The United States spends more on medical care per person than any country, yet life expectancy is shorter than in most other developed nations and many developing ones. Lack of health insurance is a factor in life span and contributes to an estimated 45,000 deaths a year. Why the high cost? The U.S. has a fee-for-service system—paying medical providers piecemeal for appointments, surgery, and the like. That can lead to unneeded treatment that doesn’t reliably improve a patient’s health. Says Gerard Anderson, a professor at Johns Hopkins Bloomberg School of Public Health who studies health insurance worldwide, “More care does not necessarily mean better care.” —Michelle Andrews
No, no, no, no.
Thanks Michell Andrews!
Thanks for the graphic, but it's unfortunate that National Geographic had to explain the discrepancy in cost as a function of use, as opposed to a function of price.
It fits a very neat storyline that contains a great deal of truth, but the fact that fee-for-service leads to unnecessary, i.e. wasteful costs doesn't explain the difference between the price of an MRI in Japan and the price of that procedure in Texas.
It isn't just that there is an abundance of inefficiency in delivery, it's that what's being delivered costs more here than anywhere else.
Take, for example, prescription drug pricing ( link to Kaiser Foundation ):
In a comparison of the 20 prescription drugs most commonly prescribed to Medicare beneficiaries, Families USA found that the lowest prices available through the Medicare cards for 10 of the medications were at least 50% higher than prices negotiated by VA, according to Families USA Executive Director Ron Pollack.
The study also found that the lowest drug card price for Lipitor, a cholesterol-lowering medication and the most frequently prescribed drug for seniors, was 59% higher than the price available through VA. According to the study, the Medicare drug card price was 46% higher than the VA price for cholesterol-lowering drug Zocor, 56% higher for acid reflux treatment Prevacid and 65% higher for blood pressure medicine Norvasc. VA discounts also exceeded Medicare drug card prices for the other 10 drugs, although only by 7% in one case (Hartford Courant, 6/3).
Even within the United States, even within Federal entitlement programs there are discrepancies between the prices paid for identical prescription drugs.
Extending the price comparisons internationally, even to our close neighbors, leads to more evidence of inflationary US prices:
One of the most important differences between the two countries is the much higher cost of drugs in the United States. In the U.S., $728 per capita is spent each year on drugs, while in Canada it is $509. At the same time, consumption is higher in Canada, with about 12 prescriptions being filled per person each year in Canada and 10.6 in the United States.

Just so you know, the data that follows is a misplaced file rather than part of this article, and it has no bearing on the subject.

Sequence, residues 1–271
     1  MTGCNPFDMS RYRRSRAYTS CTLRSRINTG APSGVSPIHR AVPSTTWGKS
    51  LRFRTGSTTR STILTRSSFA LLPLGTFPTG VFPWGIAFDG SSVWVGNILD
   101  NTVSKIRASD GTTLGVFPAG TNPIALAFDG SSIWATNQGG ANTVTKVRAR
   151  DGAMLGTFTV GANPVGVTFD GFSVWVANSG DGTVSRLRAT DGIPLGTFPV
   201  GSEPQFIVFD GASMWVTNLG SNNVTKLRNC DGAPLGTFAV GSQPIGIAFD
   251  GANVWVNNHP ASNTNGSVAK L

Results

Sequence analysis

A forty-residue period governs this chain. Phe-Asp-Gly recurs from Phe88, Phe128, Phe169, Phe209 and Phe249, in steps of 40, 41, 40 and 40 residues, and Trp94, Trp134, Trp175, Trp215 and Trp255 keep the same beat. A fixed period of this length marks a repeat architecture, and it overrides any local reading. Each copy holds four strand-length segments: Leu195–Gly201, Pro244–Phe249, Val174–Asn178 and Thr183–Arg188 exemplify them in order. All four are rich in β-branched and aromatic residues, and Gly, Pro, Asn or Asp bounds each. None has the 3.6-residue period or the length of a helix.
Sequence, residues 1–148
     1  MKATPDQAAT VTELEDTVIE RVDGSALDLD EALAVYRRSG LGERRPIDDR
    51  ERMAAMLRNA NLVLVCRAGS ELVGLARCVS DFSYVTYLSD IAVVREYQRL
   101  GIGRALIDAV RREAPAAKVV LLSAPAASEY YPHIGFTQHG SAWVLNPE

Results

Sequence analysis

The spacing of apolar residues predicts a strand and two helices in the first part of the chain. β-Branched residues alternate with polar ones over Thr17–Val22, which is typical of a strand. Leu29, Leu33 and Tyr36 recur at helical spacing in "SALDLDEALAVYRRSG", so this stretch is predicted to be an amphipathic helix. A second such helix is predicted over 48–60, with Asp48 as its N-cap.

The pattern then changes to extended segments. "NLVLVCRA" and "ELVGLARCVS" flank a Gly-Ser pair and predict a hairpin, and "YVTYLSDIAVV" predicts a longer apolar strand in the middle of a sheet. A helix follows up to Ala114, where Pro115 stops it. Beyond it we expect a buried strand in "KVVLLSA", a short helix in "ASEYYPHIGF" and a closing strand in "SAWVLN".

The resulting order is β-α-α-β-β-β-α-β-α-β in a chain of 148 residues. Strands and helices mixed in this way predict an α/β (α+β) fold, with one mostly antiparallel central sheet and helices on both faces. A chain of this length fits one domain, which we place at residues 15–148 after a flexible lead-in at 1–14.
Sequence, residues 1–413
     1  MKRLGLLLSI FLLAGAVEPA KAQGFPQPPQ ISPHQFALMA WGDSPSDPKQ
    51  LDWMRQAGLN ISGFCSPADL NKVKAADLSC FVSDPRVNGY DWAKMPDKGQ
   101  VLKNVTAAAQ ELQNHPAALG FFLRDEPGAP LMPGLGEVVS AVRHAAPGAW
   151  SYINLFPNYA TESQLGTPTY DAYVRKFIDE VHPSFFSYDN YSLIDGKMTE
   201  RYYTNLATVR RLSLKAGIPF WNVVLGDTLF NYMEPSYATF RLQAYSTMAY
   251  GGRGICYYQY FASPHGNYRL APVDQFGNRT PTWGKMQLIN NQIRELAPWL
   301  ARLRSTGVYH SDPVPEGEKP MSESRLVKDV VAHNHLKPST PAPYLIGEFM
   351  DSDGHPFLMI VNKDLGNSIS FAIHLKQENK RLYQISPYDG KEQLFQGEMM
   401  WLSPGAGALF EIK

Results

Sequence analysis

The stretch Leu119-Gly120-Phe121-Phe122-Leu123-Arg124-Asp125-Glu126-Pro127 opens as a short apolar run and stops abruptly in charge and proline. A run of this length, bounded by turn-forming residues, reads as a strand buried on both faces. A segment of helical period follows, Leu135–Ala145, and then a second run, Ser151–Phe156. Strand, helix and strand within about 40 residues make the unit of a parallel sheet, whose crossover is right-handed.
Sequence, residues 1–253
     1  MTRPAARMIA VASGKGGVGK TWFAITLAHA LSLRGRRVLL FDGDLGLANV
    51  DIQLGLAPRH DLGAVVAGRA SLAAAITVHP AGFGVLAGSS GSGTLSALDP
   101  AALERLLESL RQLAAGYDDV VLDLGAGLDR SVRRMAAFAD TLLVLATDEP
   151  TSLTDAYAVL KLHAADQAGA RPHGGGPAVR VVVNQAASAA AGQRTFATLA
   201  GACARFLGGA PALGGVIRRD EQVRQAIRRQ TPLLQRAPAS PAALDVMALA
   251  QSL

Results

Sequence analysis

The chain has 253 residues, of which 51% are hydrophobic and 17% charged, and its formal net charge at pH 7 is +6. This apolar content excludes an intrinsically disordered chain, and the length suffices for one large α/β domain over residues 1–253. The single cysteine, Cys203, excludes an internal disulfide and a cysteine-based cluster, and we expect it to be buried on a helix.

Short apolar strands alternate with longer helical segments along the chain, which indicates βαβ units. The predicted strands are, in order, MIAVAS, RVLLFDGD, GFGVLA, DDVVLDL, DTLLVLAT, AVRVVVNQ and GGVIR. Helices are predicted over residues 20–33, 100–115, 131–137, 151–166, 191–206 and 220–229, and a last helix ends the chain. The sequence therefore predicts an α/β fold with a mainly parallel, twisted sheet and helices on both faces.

The main difference is that patented drug prices in Canada average between 35% and 45% lower than in the United States, though generic prices are higher. The price differential for brand-name drugs between the two countries has led Americans to purchase upward of $1 billion US in drugs per year from Canadian pharmacies.
But it's not just Canada, and it's not just prescription drugs.
In every other OECD country almost every type of health care consumable, e.g. hospitals, medical procedures, prescription drugs and laboratory tests is less expensive than in the US, while their use is as high or higher than ours.
If we simply over-prescribed, and over-tested, and over-treated because of fee-per-service inefficiencies, then we would probably see exemplary countries like Japan doing far less in comparison, wouldn't we? But that just isn't the case ( link to the Washington Post ):
The world champion at controlling medical costs is Japan, even though its aging population is a profligate consumer of medical care. On average, the Japanese go to the doctor 15 times a year, three times the U.S. rate. They have twice as many MRI scans and X-rays. Quality is high; life expectancy and recovery rates for major diseases are better than in the United States. And yet Japan spends about $3,400 per person annually on health care; the United States spends more than $7,000.
Unfortunately, the idea that there are wide price discrepancies between what Americans pay and what everybody else pays seems to be very, very confusing for reporters. It's as if they believe that it's still 1980, and the dollar should buy them vast quantities of quality merchandise in quaint old Europe, and when it doesn't anymore, when even the Canadian Loonie has been worth more than the dollar for almost a decade, they can't get their minds around it.
The problems with the United States' system are many, from an over-abundance of paper-pushing to a wildly uncoordinated supply chain, and yes, fee-for-service is a part of the high cost equation.
But the basic facts of the matter are that a health care apple in one part of Texas can cost $10 compared to a health care apple in Hawaii costing $7, while a health care apple in Japan costs them $3.60. It's not the cost of insurance against the cost of health care apples that's bankrupting Medicare and the private system, just the price of the apples themselves.
Prices are what's wrong with health care in the United States. Prices are what make fee-for-service unsustainable here. Prices are what will ultimately drive all insurance --Medicare and private-- into the ditch.
The question is: why is it so hard for reporters to say the word "price" when talking about health care costs? Why is it so hard for them to comparison shop for MRI's around the wealthy world, and then tell the American people if we're actually getting a good price --or if we're getting ripped off?